One of the most common factors in cases of neglect, abuse and fraud involving elder residents is diminished mental capacity. Capacity can be mildly afflicted, like when a person is forgetful, or severe, like when a resident does not know who they are or why they are where they are. These residents are the most vulnerable group to be taken advantage of and abused.
It is a good idea to ask administrators about programs intended to treat mental illness and declining function, such as with dementia. The staff-to-resident ratio should be no more than five residents per staff in a facility that treats dementia according to mental health experts. This ratio provides a minimum of attention and prevents some of the issues associated with loss of cognitive function. In a 2016 survey, the Henry J. Kaiser Foundation found that 45 percent of residents at nursing homes nation wide suffer from dementia. Another 32 percent had diagnosis of mental illness that included schizophrenia and mood disorders.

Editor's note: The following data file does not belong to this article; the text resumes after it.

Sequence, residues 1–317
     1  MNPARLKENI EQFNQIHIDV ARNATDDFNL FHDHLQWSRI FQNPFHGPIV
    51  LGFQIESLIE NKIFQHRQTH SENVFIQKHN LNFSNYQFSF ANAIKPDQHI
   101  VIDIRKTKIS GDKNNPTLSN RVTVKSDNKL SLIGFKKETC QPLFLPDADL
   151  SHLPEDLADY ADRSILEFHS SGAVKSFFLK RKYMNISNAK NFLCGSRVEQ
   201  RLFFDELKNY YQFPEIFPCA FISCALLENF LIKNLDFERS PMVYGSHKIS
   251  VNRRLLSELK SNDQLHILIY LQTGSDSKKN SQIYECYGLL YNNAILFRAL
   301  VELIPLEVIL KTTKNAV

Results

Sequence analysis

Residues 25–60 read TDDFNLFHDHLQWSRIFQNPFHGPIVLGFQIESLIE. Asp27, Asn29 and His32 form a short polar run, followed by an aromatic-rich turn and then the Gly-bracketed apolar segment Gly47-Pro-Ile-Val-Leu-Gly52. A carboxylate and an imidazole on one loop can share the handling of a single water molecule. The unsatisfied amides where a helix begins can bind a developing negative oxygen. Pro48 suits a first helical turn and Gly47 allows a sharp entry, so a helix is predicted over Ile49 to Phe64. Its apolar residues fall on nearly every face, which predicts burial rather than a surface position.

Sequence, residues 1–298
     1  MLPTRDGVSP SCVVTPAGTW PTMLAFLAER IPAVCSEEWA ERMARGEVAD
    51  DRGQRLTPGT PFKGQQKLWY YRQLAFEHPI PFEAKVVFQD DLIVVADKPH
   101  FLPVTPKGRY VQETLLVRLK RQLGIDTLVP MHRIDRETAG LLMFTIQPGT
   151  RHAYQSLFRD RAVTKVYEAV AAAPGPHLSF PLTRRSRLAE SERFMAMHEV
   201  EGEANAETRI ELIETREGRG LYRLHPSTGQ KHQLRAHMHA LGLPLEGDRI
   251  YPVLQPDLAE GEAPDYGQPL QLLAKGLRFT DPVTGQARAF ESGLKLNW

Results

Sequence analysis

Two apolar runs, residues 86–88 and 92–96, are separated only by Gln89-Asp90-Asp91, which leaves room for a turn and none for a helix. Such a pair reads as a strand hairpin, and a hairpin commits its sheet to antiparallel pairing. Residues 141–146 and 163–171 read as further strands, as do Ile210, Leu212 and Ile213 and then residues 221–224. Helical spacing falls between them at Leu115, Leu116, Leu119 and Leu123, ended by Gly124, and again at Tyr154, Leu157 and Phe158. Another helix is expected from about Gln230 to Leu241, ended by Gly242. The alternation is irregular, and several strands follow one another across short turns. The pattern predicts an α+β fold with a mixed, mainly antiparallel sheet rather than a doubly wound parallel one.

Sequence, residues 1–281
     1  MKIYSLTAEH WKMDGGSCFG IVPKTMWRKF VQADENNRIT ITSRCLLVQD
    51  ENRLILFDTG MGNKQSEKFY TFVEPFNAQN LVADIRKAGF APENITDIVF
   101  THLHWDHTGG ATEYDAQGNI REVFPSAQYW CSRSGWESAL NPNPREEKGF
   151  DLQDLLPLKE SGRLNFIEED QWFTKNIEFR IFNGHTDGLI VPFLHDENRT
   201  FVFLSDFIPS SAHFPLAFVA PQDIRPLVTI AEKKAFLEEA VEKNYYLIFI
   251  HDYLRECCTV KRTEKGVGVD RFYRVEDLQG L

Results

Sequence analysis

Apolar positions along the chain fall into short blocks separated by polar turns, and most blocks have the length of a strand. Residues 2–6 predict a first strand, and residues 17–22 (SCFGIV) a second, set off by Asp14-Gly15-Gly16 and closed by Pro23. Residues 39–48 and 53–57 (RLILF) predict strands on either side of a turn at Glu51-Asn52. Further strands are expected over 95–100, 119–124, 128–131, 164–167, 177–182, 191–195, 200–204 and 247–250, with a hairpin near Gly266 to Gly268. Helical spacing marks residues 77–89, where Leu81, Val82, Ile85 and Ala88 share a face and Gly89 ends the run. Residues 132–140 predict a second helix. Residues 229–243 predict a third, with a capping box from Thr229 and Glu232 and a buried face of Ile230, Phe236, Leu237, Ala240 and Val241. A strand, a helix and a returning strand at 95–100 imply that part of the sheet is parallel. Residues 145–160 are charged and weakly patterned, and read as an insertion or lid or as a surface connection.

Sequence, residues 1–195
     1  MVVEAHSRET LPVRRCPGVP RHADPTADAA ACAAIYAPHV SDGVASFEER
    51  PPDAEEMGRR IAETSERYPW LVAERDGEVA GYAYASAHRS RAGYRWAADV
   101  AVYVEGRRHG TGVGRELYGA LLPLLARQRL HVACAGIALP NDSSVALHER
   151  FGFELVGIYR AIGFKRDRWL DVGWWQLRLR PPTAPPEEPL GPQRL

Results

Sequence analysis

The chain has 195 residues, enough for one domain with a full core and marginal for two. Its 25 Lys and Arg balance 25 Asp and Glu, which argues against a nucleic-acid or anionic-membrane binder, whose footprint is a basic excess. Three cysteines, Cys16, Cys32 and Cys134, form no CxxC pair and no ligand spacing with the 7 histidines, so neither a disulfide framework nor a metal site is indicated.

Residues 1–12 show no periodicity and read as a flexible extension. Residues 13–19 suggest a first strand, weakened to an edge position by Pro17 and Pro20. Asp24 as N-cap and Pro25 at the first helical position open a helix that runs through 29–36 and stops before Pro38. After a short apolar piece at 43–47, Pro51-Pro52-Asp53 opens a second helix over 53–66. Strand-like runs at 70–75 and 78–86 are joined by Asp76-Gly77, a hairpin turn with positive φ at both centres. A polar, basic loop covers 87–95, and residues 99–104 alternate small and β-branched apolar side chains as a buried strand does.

Since a 2012 initiative aimed at reducing the overuse of anti-psychotic medications in nursing homes, the Centers for Medicaid and Medicare Services (CMS) reports that rates of use have declined to an average of 15.7 percent of residents nationwide. The national average was 34.1 percent at the end of 2011. Anti-psychotic medications are sometimes used to chemically restrain an individual. Some nursing homes have been accused of elder abuse by deliberately sedating residents to avoid proper care. Pennsylvania ranked 27th in the nation for percentage of nursing home residents treated with anti-psychotic medication and equaled the national average in the CMS survey.
Nutrition, Hydration and Exercise
Because residents are reliant on the nursing facility to provide meals and nutrition, some good questions might include: